When cybersecurity meets physical security

Equifax

When you think about hacking you probably think about technology. Hackers digitally breaking into an organisation or government systems, stealing data or bringing down whole networks. But hackers don’t just use technology to breach a potential target, sometimes the old ways are the most effective and physically gaining access to a company's premises can provide threat actors with ultimate control of digital estates.

Every company needs to ensure their physical locations are secure, especially those that house key assets such as company servers, and a red team engagement can provide the opportunity to test physical security alongside your overall cybersecurity posture.

Red teaming is a goal based assessment of a company and hackers can use a variety of methods, within the set scope, to achieve their overall goal. This can include the physical security of a site.

But, what techniques can attackers use when trying to gain access to a physical location?

  • Tailgating

Many workplaces now utilise automated gates to gain access to the premises. However, just like at train stations, there is an opportunity to exploit these by closely following behind someone who has a legitimate pass.

Malicious threat actors can take advantage of this situation, especially when this is the only security feature employed at the entrance to a building.

Tailgating becomes a little bit harder when there is a manned reception, but you could always get around this by getting someone to ring reception to distract front of house whilst you attempt to gain access.

  • Dumpster diving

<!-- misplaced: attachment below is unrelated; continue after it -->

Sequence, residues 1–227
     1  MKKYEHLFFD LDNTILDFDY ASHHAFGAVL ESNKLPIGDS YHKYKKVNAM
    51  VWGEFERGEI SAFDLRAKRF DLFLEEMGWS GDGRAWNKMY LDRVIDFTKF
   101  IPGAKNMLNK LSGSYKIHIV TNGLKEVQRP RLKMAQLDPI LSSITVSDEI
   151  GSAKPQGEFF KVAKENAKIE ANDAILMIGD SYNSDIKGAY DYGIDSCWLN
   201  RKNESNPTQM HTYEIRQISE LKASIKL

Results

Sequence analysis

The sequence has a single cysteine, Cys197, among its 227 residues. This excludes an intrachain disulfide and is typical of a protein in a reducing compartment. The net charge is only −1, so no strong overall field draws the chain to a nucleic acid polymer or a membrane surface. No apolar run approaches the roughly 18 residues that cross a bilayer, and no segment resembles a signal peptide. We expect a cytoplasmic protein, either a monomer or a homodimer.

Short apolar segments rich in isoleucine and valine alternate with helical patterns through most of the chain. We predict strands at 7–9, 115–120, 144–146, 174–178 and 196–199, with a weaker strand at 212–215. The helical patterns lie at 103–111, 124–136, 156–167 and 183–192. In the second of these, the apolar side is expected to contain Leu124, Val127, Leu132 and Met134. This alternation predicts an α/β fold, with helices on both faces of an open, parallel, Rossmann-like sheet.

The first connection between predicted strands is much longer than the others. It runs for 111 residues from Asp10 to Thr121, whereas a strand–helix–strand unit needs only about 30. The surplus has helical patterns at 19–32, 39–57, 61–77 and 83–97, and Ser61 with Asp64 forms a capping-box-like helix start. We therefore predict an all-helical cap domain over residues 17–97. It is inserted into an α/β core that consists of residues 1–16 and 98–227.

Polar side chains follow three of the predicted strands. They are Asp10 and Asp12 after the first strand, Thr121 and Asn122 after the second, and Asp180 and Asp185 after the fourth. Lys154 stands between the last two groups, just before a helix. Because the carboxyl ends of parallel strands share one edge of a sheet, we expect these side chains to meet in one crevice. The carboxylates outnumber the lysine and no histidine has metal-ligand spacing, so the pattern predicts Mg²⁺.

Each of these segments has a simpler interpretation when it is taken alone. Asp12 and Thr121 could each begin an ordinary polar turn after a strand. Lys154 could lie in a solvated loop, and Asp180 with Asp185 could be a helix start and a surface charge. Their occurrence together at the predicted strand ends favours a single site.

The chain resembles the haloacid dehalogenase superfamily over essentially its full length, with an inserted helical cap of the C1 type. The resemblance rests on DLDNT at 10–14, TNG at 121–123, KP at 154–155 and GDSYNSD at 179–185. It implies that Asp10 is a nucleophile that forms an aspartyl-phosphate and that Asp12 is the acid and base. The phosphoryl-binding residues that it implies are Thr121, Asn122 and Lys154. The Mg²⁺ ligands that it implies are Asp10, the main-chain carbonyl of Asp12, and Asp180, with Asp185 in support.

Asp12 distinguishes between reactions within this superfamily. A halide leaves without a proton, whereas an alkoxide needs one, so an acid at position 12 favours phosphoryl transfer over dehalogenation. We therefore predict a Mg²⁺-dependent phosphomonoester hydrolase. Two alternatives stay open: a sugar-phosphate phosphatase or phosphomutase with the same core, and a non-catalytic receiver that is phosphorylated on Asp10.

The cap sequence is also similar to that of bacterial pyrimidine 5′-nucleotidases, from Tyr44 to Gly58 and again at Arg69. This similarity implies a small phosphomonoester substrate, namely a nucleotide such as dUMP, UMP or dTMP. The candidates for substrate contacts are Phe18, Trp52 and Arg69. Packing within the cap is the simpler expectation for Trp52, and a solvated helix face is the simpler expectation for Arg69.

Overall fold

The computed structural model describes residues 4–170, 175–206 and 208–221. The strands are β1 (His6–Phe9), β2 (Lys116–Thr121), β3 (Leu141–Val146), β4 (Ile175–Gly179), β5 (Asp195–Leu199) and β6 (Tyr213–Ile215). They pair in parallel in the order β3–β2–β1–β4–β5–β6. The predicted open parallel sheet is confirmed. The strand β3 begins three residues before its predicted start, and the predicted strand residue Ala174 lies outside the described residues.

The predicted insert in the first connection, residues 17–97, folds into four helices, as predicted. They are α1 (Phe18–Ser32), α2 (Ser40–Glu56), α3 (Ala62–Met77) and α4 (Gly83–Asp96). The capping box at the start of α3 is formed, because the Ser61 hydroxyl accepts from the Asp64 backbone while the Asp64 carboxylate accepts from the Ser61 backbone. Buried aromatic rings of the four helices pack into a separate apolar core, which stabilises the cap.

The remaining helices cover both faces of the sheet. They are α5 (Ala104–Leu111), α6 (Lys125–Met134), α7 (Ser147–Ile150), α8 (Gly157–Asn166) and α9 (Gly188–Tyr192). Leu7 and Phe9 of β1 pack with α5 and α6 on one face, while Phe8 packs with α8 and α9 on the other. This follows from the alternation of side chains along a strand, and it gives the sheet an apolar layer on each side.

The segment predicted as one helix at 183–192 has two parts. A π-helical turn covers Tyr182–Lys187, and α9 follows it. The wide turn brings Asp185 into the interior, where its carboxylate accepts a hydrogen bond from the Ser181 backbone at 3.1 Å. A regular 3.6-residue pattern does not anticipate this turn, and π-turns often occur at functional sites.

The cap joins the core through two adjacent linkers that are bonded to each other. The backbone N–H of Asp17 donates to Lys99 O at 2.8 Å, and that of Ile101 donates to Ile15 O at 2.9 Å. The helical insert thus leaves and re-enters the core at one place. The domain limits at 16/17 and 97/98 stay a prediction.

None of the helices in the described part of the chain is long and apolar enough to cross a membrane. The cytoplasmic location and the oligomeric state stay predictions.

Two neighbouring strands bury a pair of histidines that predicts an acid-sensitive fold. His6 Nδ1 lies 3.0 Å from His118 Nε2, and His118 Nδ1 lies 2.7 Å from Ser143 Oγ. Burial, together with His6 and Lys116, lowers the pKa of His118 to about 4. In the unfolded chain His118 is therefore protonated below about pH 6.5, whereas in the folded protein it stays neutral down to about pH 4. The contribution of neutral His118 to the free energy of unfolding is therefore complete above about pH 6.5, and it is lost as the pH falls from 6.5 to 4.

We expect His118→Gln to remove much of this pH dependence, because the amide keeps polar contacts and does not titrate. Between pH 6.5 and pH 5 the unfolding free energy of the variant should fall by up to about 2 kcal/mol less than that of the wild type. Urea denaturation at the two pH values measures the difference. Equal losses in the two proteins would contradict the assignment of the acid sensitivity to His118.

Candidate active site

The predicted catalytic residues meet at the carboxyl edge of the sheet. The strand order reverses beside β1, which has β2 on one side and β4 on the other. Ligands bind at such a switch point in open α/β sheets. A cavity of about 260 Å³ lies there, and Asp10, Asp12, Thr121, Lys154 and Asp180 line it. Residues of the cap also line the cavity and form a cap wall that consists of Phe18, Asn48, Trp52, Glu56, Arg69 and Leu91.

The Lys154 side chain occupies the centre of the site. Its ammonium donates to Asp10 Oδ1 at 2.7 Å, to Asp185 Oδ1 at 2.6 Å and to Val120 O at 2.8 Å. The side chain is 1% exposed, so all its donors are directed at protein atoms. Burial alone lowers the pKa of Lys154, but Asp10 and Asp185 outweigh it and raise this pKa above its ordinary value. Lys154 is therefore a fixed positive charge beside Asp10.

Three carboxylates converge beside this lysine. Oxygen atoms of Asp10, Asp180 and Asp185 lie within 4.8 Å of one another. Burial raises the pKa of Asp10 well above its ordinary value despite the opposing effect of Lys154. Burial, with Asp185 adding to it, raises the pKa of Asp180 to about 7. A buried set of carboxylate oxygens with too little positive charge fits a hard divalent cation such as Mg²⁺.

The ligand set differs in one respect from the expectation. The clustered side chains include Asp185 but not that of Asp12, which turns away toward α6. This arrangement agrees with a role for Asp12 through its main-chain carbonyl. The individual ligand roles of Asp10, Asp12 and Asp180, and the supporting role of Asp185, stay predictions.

Dumpster diving, in the traditional sense, is trying to find useful or sensitive information from the things that are physically thrown away by an individual or a company. Yes, this still takes place and attackers can find a treasure trove of information of data is not disposed of correctly.

But it’s not just paper-based information dumpster divers are looking for, it can include technology, and if attackers were to get their hands on discarded hardware they could potentially uncover a host of digital information that may not have been removed correctly.  

  • Targeting front of house

Front of house can be a key target for attackers and we’ve heard about a variety of methods where attackers have looked to exploit their usually helpful nature.

For example, imagine a coffee drenched visitor approaching the front desk saying they have an interview next door and their CV has been ruined. Luckily, they have a copy on a USB and if reception could print it off it would really help them out.

A helpful person may well oblige, looking to help the situation. The problem is the USB can be laden with malware and can provide the route into the company network.

  • The fire alarm

Every company needs to have a Fire Emergency Evacuation Plan and it means that employees have to leave the building, making their way to a set meeting point. This meeting point is usually situated in a public space and therefore can be accessed by external individuals.

The opportunity for a malicious threat actor comes when staff re-enter the building, as normal security measures are removed in an effort to help people back into the premises as efficiently as possible.

If an attacker had knowledge of an upcoming test, they could mingle within the assembled crowd and then enter the building unchallenged when people return to work. A real malicious threat may even set off the alarm in order to breach the building.

  • Third party suppliers

How many external people have access to your physical premises? You may be surprised and it can include everyone from couriers and cleaning staff, to building management and even the people who come to water the plants.

But how do you know these people are from the companies they say they are and aren’t, in fact, malicious threat actors attempting to gain access to your organisation?

One of the most effective ways to gain access to a location can be to masquerade as one of these external vendors, and if visitor/third party supplier security processes aren’t tight then you could be welcomed in no questions asked. All it takes is a high vis-vest!

  • Target smokers at the side/back door

Smokers can provide a way in for attackers, especially if the smoking area has public access and is accessed via a side or back entrance.